Moving the dial article series
In parallel with, and in no small part due to, the significant evolutions in the capital adequacy regime since the global financial crisis, banks have been facing a growing return-on-equity challenge, particularly in Europe. Now, as they face the upcoming implementation of Basel 4, it is anticipated this challenge will be exacerbated further, which will not only require strategic shifts in capital management, but could also lead to some strategic business model shifts as a result.
In the wide-ranging Basel 4 package, the most seismic change will likely be derived from the most hotly discussed and debated topic — the aggregate output floor. There has already been a move from a pre-crisis position of a single risk-based measure for capital adequacy to a “multiple metrics” Basel 3 approach (including both risk-based and leverage measures). The output floor under Basel 4 will introduce yet another layer. Under Basel 4, banks using the Internal Ratings-Based (IRB) approach will have a new minimum threshold to pass, with capital levels ‘floored’ based on a minimum percentage of the less risk-sensitive standardised approaches. In our view, this doesn’t just increase compliance burdens, it also makes the whole capital management equation much more complex.
What is the output floor?
The output floor limits the amount of capital benefit a bank can obtain from its use of internal models, relative to using the standardised approaches. Banks’ calculations of RWAs generated by internal models cannot, in aggregate, fall below 72.5% of the risk-weighted assets computed by the standardised approaches. This limits the benefit a bank can gain from using internal models to 27.5%.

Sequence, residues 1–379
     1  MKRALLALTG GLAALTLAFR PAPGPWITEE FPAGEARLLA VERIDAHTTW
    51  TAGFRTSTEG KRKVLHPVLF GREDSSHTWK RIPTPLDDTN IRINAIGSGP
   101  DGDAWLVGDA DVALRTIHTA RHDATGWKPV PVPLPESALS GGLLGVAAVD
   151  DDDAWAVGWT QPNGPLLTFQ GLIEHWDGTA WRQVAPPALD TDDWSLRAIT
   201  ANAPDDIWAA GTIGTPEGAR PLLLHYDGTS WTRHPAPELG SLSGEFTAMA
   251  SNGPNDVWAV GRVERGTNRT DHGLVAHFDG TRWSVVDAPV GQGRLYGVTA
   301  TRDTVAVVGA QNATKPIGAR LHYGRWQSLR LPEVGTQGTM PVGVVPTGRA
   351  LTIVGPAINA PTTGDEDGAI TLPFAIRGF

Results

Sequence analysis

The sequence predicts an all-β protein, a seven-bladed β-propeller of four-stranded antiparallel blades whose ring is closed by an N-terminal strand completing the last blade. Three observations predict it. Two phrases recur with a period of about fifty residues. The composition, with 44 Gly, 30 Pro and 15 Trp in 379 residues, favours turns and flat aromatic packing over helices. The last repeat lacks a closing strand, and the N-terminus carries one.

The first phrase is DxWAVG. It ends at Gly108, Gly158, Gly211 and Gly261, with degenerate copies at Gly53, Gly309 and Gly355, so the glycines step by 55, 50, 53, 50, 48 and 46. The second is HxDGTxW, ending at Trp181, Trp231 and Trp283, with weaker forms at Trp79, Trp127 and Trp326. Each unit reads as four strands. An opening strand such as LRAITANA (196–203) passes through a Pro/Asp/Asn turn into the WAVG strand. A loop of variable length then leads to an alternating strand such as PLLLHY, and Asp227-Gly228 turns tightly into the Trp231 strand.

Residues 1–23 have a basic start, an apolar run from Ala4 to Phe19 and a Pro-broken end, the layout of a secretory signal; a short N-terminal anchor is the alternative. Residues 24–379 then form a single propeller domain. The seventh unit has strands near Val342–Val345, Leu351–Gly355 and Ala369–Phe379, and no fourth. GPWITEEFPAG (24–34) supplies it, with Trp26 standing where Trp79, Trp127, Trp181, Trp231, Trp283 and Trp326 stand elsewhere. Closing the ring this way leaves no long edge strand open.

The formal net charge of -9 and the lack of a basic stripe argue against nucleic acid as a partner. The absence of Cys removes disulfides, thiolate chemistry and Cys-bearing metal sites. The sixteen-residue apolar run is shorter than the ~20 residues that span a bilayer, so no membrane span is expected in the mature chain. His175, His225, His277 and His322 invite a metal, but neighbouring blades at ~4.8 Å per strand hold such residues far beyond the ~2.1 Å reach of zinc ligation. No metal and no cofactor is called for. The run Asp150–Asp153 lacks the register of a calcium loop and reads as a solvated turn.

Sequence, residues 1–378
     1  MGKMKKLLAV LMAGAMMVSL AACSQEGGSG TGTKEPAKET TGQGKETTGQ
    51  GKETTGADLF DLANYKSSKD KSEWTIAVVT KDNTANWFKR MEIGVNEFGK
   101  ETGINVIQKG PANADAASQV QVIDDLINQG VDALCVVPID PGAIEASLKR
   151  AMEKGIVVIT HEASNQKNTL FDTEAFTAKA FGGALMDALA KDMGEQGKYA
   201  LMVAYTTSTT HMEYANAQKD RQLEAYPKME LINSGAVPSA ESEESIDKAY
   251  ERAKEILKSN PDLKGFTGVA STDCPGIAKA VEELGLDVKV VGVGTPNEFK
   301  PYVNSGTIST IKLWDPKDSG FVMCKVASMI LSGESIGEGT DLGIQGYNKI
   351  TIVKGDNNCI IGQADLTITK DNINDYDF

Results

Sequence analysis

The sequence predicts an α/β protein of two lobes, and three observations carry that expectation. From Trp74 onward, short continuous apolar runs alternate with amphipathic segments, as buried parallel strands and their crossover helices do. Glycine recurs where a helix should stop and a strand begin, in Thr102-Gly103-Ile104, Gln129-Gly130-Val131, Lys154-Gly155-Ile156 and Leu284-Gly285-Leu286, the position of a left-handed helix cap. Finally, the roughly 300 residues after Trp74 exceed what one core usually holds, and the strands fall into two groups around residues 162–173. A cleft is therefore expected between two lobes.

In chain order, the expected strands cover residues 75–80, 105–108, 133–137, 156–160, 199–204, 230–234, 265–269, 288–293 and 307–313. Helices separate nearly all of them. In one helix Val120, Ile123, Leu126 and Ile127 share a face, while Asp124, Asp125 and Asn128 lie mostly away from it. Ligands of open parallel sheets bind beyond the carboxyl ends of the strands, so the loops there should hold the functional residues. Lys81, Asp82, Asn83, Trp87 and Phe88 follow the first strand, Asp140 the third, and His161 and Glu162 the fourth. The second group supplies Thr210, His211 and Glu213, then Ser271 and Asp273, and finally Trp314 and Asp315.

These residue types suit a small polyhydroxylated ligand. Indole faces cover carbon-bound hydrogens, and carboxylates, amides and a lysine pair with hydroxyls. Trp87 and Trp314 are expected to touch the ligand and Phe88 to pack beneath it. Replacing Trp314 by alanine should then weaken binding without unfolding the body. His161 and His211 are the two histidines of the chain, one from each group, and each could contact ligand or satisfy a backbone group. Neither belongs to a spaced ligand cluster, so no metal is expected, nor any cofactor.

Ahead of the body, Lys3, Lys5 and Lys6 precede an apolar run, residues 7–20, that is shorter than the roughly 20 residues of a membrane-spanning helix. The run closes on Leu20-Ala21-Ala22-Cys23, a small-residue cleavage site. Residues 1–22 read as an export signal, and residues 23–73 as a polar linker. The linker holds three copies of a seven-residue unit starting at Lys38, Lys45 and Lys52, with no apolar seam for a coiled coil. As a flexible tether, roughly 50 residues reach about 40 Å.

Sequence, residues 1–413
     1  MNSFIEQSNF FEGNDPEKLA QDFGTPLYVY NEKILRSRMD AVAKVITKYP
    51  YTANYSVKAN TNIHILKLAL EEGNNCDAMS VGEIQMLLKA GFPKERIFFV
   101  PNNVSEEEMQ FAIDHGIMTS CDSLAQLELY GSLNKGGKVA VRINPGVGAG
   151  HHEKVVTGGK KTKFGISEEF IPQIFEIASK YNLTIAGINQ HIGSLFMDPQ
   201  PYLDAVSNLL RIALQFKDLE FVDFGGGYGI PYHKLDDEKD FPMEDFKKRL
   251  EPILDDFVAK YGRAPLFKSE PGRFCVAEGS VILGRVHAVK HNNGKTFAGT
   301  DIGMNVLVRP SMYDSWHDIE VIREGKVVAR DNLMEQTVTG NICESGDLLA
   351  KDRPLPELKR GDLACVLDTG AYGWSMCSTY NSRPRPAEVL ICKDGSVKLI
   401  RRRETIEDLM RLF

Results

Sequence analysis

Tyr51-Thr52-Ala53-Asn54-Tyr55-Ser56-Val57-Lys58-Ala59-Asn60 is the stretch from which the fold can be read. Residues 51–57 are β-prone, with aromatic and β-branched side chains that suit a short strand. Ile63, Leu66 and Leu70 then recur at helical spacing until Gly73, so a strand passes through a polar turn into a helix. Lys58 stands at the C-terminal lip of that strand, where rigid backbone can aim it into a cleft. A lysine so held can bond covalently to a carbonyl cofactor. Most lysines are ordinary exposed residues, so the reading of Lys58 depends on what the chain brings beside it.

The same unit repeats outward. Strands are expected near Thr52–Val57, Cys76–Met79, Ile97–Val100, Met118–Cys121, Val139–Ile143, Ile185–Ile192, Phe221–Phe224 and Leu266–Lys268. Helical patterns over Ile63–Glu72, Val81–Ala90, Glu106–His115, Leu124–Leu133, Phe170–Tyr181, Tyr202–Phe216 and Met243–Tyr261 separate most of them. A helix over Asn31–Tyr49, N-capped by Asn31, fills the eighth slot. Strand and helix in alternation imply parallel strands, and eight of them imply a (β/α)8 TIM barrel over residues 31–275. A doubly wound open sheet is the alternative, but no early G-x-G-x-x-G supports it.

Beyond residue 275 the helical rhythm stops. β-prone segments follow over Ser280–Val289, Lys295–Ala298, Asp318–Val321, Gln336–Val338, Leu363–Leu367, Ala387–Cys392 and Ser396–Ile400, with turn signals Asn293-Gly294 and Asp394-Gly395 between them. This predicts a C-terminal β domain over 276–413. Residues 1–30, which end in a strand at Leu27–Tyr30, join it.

A game of 3D — and even 4D — chess
Indeed, in some ways the output floor doesn’t just increase the complexity — in our view, it changes the whole equation. As a result, we believe Basel 4 will be like a game of 3D chess in which banks are blending the different factors of risk-based capital, leverage and the output floor. It could be argued that it will be 4D chess because we don’t expect a single version of Basel 4 — there are likely to be slightly differing requirements in different jurisdictions that will be implemented according to differing timelines that legal entities of international banks will be subject to.
Banks must therefore consider which of the Basel 4 requirements constraints is the most binding, in which geography and at which level (legal entity versus Group). They should look at their loan books at much more of a portfolio level than they have ever had to do before, which will likely be a challenging exercise. Previously, banks could take a loan-by-loan approach, asking themselves a series of yes/no questions to arrive at the most efficient treatment. Now they should assess the impact of new loans at the portfolio level and consider how to optimise the existing balance sheet. This will involve deciding what they keep on the balance sheet and what they remove through securitisation or other risk transfer mechanisms.
Active portfolio management